Hanukkah, the Jewish festival of lights, is the feast by which the Jews celebrate the rededication of the Second Temple. Namely, Judea was conquered and occupied by the Greeks during the time of Antioch. The Greeks turned their greatest shrine, the Second Temple in Jerusalem, into a temple dedicated to the God Zeus and thus desecrated for the Jews.
The repression of the people was terrible, and the pressure for the Jews to renounce their faith became unbearable. The Greeks forced them to eat pork, which is forbidden in Judaism; they forced them to worship statues of Zeus, which the Jews considered idolatry, one of the greatest mortal sins. In addition, constant robberies, rapes, and murders created terrible discontent among the people.
At one point, forced to worship Zeus, a Jewish priest Matthias from the city of Modiin near Jerusalem snatches a sword from a Greek soldier and kills him. Joining him, his sons, as well as other dissatisfied members of the community, flee to the mountains and devise a way to attract as many supporters as possible and eventually overthrow the hated Greek government. The rebels were led by the young priest’s son Judas Maccabi, and his followers were given the name Maccabees. The revolt of the Maccabees was fierce, and although they were few in number, they managed to defeat the Greeks and regain their most important sanctuary – the Second Temple in Jerusalem.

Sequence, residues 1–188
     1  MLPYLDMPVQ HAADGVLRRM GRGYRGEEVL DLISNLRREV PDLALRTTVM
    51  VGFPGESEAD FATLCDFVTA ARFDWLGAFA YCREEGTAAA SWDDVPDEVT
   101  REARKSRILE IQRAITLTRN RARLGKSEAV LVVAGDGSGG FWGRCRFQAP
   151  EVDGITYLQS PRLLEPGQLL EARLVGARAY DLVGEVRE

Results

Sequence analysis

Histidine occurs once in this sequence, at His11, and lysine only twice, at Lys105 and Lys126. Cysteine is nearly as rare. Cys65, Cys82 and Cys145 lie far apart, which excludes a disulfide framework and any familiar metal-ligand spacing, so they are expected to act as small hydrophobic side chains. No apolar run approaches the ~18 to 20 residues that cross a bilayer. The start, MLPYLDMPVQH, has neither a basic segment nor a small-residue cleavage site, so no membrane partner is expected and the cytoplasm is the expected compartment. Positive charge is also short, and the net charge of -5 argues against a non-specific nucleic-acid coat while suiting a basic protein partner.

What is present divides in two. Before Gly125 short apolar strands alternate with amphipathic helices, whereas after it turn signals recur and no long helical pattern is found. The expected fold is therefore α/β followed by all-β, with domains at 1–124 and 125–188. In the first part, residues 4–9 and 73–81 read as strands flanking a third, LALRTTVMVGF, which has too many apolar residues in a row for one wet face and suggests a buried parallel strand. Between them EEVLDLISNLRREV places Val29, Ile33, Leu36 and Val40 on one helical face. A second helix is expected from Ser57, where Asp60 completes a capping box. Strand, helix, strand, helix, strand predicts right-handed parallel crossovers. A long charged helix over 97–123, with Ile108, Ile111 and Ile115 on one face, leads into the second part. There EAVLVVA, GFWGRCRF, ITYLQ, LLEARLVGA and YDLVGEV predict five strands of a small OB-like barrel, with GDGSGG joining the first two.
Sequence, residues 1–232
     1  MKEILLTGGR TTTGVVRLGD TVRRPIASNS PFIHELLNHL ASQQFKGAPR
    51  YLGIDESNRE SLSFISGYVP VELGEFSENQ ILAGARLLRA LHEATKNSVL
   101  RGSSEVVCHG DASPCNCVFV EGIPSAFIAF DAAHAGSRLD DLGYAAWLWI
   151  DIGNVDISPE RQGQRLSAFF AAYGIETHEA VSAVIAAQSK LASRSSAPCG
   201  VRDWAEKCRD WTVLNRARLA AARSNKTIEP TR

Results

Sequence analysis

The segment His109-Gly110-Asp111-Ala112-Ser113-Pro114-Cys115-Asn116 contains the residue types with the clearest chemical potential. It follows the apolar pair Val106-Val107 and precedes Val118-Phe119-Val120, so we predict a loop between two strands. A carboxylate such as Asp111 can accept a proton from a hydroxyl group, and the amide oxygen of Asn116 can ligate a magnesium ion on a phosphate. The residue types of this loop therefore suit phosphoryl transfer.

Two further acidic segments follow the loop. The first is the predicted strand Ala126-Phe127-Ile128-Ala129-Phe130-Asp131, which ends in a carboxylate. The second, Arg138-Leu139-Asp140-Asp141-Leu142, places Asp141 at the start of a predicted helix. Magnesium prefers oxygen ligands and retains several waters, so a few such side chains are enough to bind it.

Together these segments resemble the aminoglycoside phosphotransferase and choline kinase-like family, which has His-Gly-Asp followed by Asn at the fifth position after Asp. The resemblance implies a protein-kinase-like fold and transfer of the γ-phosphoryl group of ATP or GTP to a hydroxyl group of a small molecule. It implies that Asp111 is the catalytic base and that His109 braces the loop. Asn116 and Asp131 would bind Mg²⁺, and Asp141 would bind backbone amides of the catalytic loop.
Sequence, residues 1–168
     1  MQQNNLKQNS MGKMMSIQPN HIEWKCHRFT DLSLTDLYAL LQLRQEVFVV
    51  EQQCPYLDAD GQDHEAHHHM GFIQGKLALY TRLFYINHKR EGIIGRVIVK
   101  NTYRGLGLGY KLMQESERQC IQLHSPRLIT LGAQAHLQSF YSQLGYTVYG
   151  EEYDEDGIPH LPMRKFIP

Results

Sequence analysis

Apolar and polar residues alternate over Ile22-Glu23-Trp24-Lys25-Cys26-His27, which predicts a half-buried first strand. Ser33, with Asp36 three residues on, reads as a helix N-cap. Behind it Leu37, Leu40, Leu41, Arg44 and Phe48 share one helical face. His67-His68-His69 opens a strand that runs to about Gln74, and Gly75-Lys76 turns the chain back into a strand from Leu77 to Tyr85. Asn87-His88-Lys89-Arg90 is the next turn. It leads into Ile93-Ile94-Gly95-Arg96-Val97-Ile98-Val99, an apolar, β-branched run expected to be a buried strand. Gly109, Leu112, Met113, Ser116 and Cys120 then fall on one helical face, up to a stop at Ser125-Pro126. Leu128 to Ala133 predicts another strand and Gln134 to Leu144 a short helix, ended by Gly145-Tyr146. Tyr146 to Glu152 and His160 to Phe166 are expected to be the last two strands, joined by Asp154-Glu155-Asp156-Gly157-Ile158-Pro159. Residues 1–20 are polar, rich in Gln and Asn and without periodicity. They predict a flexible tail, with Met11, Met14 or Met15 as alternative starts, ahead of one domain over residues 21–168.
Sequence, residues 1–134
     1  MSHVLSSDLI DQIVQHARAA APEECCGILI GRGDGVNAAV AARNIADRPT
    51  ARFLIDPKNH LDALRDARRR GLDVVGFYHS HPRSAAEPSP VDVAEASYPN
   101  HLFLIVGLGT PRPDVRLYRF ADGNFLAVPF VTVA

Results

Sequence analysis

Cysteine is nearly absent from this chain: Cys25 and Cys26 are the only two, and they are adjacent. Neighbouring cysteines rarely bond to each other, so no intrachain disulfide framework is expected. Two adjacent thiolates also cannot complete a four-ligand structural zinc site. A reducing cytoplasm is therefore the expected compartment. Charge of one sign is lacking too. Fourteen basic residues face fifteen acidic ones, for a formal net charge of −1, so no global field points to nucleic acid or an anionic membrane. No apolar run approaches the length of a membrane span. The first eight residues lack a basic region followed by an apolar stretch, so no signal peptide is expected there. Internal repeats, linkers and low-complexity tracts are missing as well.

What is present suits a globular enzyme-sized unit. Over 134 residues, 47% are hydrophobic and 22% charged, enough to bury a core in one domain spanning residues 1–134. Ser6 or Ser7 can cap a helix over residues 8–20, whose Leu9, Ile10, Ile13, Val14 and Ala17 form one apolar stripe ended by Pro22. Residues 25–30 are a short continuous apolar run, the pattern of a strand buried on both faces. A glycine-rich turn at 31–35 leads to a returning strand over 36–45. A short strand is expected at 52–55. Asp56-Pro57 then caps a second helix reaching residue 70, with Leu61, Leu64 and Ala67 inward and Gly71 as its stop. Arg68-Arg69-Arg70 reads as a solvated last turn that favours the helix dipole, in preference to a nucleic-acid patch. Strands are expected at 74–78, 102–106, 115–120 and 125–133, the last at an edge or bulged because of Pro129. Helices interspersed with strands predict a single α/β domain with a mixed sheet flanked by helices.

A Miracle Is a Reason for Hanukkah, the Jewish Festival of Lights
For the temple, which was desecrated, to be rededicated according to Jewish laws, he required eight days of purification with lamps with olive oil. However, destroyed Jerusalem after such a terrible rebellion of the Maccabees did not have enough olive oil to purify. The Maccabees, together with the priests, demolished the statue of Zeus, cleaned the temple, and washed it with olive oil. Now all that remained was to clean it with the light of lighted lamps, but there was no oil. The story says that there was only a little oil left for the lamp, maybe for one day, but the priests still lit that lamp, prayed, and asked God to bless their light so that they could clean the temple. And a miracle happened – a small lamp that had oil for only one day burned for eight days. In memory of the Maccabean rebellion and the return of the temple, the Jews celebrate Hanukkah – the feast of light.
Jews Celebrate Hanukkah With a Nine-Branched Candelabrum
Today, Jews celebrate Hanukkah with a nine-branched candelabrum and add one more candle each day as a symbol of eight days of purification. The candle in the middle is used to light the other eight candles. Every night during those eight days, a special kind of donut, sufganiyot, and latkes, are served at the table, a dish fried in oil. Children are given small gifts every day, and the game “Dreidel” is obligatory.
This was one of my favorite books as a kid.